Five meters to go.

This is it.  I’m seeing history in the making. 

Three, two, one.

Her form couldn’t have been more perfect as she soared through the air kicking up sand at the 15.30m mark earning her Cameroon’s first individual gold medal.   I was ecstatic.  I could go home now happy.  This was exactly what the Olympics were all about.  As we waited for the award ceremony, the living room was buzzing with celebration.  I couldn’t stop staring at the television.  The stage was set for one of those memorable moments Peace Corps volunteers love to tell friends and family about.

This was going to be my first Peace Corps story of any real significance.

The television camera, after a long reprieve, finally took aim at the athletes on the three-tiered podium and not before I could appreciate Françoise’s smile something happened.  This was supposed to my story just as much as it was Françoise’s.  I was supposed to sing what I could of the Cameroonian national anthem in unison with my host family.  I was supposed to see the Cameroonian flag fly highest.

Instead, “délestage” struck the neighborhood like a lightening bolt.

My eyes remained fixed on the television in disbelief.  Was this somebody’s idea of a twisted joke?  How dare anyone deprive me of Cameroon’s most monumental Olympic moment!  Noticeably irritated, I left the room.  Three days later, the American men would win Gold, Silver, AND Bronze in the 200m.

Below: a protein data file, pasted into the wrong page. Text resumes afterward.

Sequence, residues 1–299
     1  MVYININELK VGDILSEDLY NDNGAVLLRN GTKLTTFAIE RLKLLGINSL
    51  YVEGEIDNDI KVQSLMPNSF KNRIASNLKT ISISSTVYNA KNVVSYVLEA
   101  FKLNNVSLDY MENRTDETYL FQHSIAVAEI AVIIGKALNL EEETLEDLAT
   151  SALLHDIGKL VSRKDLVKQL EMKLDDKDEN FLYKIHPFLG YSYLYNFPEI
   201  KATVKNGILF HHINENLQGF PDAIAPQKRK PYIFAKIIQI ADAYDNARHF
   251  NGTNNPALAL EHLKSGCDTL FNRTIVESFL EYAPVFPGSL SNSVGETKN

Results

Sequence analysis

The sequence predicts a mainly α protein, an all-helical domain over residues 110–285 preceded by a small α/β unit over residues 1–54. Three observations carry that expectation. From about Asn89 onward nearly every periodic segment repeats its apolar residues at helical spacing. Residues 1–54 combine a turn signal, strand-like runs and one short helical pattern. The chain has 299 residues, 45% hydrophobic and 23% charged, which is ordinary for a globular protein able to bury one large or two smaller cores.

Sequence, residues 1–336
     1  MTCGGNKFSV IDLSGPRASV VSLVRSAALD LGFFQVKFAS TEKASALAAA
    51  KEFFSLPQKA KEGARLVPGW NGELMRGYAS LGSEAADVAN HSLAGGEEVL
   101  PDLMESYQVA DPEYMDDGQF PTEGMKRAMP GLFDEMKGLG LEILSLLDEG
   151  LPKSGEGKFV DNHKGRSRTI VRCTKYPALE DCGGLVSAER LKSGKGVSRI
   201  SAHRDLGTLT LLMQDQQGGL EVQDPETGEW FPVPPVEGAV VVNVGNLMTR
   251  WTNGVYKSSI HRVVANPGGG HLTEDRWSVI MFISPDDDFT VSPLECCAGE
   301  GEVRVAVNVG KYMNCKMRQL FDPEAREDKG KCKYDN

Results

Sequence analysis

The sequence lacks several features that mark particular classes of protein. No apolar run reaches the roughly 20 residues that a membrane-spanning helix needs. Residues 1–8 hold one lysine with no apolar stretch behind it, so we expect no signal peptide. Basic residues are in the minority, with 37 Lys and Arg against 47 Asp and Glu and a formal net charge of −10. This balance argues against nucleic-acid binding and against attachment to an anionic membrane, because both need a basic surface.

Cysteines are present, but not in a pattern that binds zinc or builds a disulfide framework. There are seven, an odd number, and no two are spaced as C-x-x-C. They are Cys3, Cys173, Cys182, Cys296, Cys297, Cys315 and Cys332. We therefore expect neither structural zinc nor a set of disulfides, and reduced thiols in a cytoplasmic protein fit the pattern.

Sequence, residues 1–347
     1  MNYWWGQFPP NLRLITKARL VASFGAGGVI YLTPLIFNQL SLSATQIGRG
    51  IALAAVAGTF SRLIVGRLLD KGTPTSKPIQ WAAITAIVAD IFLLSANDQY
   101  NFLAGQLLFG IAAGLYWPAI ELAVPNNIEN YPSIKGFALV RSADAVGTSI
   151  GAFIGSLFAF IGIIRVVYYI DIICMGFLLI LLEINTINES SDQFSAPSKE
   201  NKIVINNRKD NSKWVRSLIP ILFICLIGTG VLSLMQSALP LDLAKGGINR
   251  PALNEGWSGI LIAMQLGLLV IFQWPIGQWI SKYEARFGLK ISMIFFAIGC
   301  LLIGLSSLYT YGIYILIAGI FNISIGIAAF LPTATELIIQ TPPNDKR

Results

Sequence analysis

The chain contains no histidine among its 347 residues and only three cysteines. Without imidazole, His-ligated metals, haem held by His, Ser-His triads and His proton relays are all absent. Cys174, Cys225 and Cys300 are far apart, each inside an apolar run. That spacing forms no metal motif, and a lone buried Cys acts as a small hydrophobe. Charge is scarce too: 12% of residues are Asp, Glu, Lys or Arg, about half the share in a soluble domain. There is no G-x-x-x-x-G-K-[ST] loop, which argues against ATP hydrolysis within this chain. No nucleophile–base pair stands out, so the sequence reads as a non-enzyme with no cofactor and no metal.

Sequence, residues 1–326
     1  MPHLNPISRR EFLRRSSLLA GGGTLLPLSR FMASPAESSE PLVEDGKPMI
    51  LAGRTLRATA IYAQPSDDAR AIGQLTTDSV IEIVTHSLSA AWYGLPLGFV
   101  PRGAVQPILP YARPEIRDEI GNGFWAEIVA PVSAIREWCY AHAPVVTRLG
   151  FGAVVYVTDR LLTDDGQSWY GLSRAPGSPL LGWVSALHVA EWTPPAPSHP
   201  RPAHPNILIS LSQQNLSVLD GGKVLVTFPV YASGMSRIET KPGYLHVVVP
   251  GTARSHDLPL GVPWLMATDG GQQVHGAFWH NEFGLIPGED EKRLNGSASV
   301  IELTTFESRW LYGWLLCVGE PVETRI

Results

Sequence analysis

Nearly two years later, now a seasoned volunteer at my post in Nanga-Eboko, another sports spectacle took center stage, the World Cup of soccer.   Despite the fact that Cameroon disappointingly failed to qualify for the World Cup, life still revolved around soccer.  Fortunately, the US had a far more modest World Cup history than her Olympic one. I wasn’t worried about the US taking more than her fair share of glory.

In fact, I was really looking forward to the semi-final round games pitting Italy against Germany and Portugal against France.  There’s something liberating about not having ties to any of the teams.   You could watch the games without the added pressure of having to win.  The Germans had been playing brilliant soccer; hence I decided to support the Italians.  I love it when an underdog wins.  Coincidentally it was the Fourth of July and what better way to celebrate than watching World Cup soccer in a country that’s enamored with the sport with my best friends in the village.  My popcorn with maggi cube concoction was a huge success, and the beer was delicious.  The match was tight as expected.  Neither the Germans nor the Italians could take command of the match.  The first half ended and the score was still 0-0.

I don’t recall the exact moment it happened again, but it wasn’t long after the second half began.

Just as “délestage” prevented me from witnessing Cameroon’s first ever gold medal award ceremony for an individual it was now intruding on my Fourth of July festivities.

Not again, I thought.  You will not get the best of me this time!

Leaving my friends alone with their silhouettes from the kerosene lamp, I disappeared into my bedroom to retrieve a World Cup saving device – a crank-powered shortwave radio.   With the stamina of an Olympic athlete, I single handedly for over an hour cranked the Italians out of the darkness and passed the Germans in extra time.  Now that was a Fourth of July to remember!

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“Sunset at the Railroad” by PCV Nicholas Baylor Hall. Namibia, 2011.